The most critical factor in choosing between equally good moves is how much theory you wish to learn.
Popular moves for white in this position are 2.Nc3 and 2.g3. There is nothing wrong with either move.
Keep in mind the move 2.Nc3 allows black to play a Reversed Rossolimo, while 2.g3 allows black to play a reversed Open Sicilian with 2…Nf6 3.Bg2 d5.
Reduce Your Theoretical Workload With 2.d3
A good approach by white is to hold back a little longer before engaging and play 2.d3. This is a dual-purpose move that controls the e4 square and allows white to meet …Bb4+ with Nbd2.
Blocking the check with the knight on d2 means white does not have to worry about a weak pawn structure if black captures the knight. White will either get the bishop pair without any weaknesses or gain time attacking the bishop with a3.
This variation of the English Opening in chess shows the flexibility of the Opening at its maximum.
After 1.c4 e5 2.d3 Nf6 3.Nf3 Nc6 4.a3
We have a position of the Najdorf Sicilian with colors reversed. If white is allowed to play b4, we enter a variation of the Paulsen Sicilian.
Black can stop b4 by playing 4…a5, but white simply shifts to a Dragon Sicilian setup with 5.Nc3 g6 6.g3 Bg7 7.Bg2 d5 8.cxd5 Nxd5 9.O-O
In this position of the English Opening, White’s strategy is to develop his queenside pieces and look to create weaknesses in the black queenside.
Even though black managed to exchange queens in this next game it didn’t save him.
Korobov, A. – Pavlov, S2., 1-0, Aeroflot Open A 2018
4) King’s Indian Defense Setup in the English Opening in Chess
GM Damian Lemos is well-known for his excellent Deep Dive Opening series. There is nobody better to help you learn how to play the English Opening against the King’s Indian setup.
This defensive setup for Black is robust against many openings but allows white to play the Botvinnik System in the English Opening.
The Botvinnik System is a good choice for White because it is very effective against every black choice on move 7!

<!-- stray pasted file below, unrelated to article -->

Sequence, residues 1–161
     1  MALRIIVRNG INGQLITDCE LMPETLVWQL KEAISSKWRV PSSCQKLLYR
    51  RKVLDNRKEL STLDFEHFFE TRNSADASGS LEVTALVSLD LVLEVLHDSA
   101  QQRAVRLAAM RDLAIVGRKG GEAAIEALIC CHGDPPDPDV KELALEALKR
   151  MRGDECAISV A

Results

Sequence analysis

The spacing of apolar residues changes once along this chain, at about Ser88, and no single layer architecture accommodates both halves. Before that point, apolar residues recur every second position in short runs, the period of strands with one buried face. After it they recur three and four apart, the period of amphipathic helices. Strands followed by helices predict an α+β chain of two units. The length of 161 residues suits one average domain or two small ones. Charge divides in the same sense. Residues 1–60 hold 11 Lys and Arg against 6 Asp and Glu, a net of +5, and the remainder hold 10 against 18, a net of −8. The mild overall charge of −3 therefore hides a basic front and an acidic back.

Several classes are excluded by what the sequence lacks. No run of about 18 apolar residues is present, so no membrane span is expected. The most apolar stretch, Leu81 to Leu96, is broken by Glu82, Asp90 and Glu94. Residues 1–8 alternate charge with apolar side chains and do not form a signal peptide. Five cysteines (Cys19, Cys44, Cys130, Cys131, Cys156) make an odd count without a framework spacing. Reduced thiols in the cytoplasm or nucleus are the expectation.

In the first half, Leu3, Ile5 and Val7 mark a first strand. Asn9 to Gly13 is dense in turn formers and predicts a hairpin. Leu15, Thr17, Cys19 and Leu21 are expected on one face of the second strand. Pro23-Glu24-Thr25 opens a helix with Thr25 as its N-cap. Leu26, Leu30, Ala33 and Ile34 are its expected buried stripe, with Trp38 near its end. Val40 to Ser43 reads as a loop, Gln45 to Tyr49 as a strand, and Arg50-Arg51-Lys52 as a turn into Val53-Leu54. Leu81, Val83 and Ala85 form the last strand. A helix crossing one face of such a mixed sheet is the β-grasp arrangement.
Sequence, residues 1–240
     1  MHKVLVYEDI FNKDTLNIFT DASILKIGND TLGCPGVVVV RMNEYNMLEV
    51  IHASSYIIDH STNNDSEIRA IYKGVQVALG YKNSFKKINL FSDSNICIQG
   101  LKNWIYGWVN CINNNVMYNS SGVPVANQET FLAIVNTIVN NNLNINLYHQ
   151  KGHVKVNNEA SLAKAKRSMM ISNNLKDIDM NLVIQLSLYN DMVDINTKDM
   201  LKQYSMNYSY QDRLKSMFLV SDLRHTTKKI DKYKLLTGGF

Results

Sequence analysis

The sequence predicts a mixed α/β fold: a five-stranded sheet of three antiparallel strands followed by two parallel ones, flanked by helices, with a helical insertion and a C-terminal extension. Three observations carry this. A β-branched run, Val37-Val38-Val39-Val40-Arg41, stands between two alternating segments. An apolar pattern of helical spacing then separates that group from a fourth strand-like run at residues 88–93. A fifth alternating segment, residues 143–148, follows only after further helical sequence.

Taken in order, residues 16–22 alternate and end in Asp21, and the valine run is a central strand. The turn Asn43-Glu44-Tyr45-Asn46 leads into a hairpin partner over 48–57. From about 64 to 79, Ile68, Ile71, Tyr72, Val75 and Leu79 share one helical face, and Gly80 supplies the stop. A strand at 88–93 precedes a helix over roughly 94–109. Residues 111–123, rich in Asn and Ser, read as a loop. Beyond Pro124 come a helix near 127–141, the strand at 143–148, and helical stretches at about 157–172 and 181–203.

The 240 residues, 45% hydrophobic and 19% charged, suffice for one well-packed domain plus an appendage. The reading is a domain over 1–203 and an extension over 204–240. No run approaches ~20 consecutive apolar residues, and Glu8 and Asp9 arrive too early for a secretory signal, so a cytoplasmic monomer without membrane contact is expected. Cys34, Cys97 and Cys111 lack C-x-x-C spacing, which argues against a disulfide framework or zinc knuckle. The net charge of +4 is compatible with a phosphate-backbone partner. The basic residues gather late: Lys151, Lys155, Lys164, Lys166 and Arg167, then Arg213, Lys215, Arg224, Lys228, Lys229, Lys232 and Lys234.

1.c4 Nf6 2.g3 g6 3.Bg2 Bg7 4.Nc3 0-0 5.e4 d6 6.Nge2 e5 7.0-0
In this position, Black can play:
White’s plan remains the same-to play d3, Be3, Qd2, and f4.
This plan is simple, effective, and dangerous!
However, don’t neglect to bring all your pieces into Play. The rook on a1 can help support the d4 advance from d1.
In the next game, the rook on a1 first supported white’s expansion on the queenside before moving to the center. Notice how the white pieces combined exceptionally well with the g2 bishop to play on the light squares in the black camp.
Bachmann, Axel – Darcyl, Tomas, 2017, Magistral Memorial Jorge Szmetan(3), 1-0
5) The Slav Setup Against the English Opening in Chess
Many chess players choose a setup they can use against multiple openings. When playing black, some of the options available are the Queen’s Indian Defense, King’s Indian Defense, and Slav Defense setups.
The critical factor for both players in this variation of the English Opening in chess is that White hasn’t played 1.d4. This allows him to choose how to respond to Black’s development of the bishop on c8.
…Bf5 can be met with d3 blocking any thoughts of a black knight landing on the c2-square. Should black play …e6 before developing the bishop, then white still can play d4.
When playing a flexible opening like the English Opening in chess, you must keep a relaxed mindset.
After the usual Opening moves, 1.c4 c6 2.Nf3 d5 white has the sound and straightforward option of 3.b3. This prevents any ideas by black of capturing on c4 and keeping his extra pawn with …b5.
The double-fianchetto system is exceptionally effective against 3…Bf5. An essential maneuver for white is swapping the queen and a1 rook.
White can play Rc1-Rc2 and Qa1 when the queen and bishop combine to increase pressure on the a1-h8 diagonal. The queen can also support a minority attack on the queenside.
Akopian – Gemy, 2012.08.28, Chess Olympiad, Istanbul TUR, 1-0
White Plays Without a Kingside Fianchetto Against 3…Bg4
A move you are likely to encounter more often than …Bf5 is …Bg4. This move has been played twice as much as …Bf5.
3…Bg4 is best met by 4.e3 to prevent any weakening of the white pawn structure. Instead of the double-fianchetto system, white develops in a more classical style with Be2, Nbd2, Rc1, O-O, and h3.
White has a valuable waiting move in 4.Bb2 if black delays developing his light-squared bishop.
Inserting 3…Nf6 before …Bg4 doesn’t change anything. The following game shows that white simply continues with his plan.
Yes, there are 5 essential variations you must know if you want to play the English Opening in chess. The good news is these five variations comprise nearly everything black has tried against the English Opening.
The plans for white are very straightforward, and your theoretical workload is further reduced by the fact these strategies are often used in many of the variations.
There is no doubt the English Opening in chess is a powerful opening you can rely on and play for many years as you advance in chess.